It's all written in Go and hosted on an AWS t2.micro instance right now. I haven't implemented any caching yet so we'll see what happens if it gets any traction...
Feedback / bugs / feature requests encouraged. Thanks!
I'd recommend you jump to traditional music notation for your learning process, ASAP. You're learning new things, anyway, you might as well learn a tool that is generally much more useful. There's a wealth of music and exercises in standard notation available to practice with.
I'm not saying this to be preachy or holier-than-though, or to suggest you can't be a good musician without knowing how to read music. But, standard notation is technically superior to tabs, on nearly every dimension. It provides more information in a smaller space, it is transferable to other instruments and other musicians, it is much faster/easier to read once you are proficient with it, and it provides visual cues about the things that you're currently trying to learn that tablature does not (e.g. you can usually readily discern keys and chords from traditional notation, while it is not at all obvious from tabs until you've read quite a bit of it and mentally or physically applied it to the guitar).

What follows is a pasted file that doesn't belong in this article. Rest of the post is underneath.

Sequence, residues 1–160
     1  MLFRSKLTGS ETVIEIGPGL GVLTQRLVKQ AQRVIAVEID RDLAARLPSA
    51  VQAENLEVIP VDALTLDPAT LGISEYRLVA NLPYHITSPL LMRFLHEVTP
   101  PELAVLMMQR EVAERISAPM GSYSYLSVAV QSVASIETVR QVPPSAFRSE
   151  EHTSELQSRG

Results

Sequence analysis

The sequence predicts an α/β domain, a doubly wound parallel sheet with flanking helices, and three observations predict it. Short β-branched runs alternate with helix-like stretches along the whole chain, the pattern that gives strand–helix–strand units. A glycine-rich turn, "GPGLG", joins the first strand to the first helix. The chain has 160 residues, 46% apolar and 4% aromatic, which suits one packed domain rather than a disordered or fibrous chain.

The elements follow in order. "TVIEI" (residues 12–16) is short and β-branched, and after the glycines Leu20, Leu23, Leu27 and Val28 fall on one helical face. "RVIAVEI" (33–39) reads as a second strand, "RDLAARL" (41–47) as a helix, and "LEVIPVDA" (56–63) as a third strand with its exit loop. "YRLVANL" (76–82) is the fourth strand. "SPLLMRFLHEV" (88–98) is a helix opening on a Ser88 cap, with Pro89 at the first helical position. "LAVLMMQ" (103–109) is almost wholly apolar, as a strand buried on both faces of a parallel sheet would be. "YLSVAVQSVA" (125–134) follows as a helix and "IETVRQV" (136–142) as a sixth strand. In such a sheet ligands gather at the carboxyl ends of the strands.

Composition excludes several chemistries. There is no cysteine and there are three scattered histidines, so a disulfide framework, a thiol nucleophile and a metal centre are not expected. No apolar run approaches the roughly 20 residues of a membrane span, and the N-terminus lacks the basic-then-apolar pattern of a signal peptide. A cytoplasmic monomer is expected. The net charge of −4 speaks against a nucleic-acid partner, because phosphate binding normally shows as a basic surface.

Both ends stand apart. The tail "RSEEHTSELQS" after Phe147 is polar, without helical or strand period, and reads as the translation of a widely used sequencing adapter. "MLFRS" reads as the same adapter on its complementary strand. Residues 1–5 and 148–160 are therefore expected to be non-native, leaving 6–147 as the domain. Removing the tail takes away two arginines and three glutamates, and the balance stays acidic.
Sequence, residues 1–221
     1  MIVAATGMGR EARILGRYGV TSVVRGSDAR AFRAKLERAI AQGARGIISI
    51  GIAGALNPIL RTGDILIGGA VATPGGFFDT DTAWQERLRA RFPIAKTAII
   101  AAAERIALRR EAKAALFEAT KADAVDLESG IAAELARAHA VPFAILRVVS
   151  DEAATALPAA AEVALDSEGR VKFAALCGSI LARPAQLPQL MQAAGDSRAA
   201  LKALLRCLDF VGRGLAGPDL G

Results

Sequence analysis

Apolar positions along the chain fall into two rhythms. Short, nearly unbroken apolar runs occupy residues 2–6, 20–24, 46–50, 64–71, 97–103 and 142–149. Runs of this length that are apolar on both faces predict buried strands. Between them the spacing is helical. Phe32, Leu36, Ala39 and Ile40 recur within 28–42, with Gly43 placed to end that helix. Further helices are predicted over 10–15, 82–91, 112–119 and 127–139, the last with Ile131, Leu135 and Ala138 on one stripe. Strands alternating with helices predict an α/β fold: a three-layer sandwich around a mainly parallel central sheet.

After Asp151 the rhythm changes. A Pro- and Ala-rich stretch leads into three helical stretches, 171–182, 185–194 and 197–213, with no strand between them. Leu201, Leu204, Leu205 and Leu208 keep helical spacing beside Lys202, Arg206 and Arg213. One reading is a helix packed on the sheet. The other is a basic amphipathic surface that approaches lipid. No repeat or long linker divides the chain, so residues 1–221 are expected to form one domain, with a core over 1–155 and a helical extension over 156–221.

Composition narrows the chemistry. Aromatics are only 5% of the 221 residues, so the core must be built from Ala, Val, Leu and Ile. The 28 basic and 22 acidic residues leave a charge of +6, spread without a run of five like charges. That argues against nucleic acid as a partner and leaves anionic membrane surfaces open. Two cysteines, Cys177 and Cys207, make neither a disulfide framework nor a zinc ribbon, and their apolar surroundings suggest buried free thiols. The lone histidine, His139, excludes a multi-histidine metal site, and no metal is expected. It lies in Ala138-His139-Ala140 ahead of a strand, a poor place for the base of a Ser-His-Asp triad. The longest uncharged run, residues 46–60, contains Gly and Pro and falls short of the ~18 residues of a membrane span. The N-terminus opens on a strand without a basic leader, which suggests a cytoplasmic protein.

I wish I'd learned traditional notation sooner and with more gusto. I would have been a better musician more quickly if I had.
This also makes me think I should focus the website on where ASCIItab excels over standard notation -- editability as opposed to being a precise blueprint for how to play complex compositions. I think offering an in-browser editor would still make this a good tool for novice composers to get a feel for enhancing / creating music before they advance to standard notation.
A (hacky?) fix would be `overflow-x: scroll` I guess.
A good addition would be audio output, or MIDI export.
From looking at the tabs, this seems mostly aimed at fingerstyle guitar playing, rather than playing with a plectrum. Some parameters to the generation could produce tabs for a wider range of styles.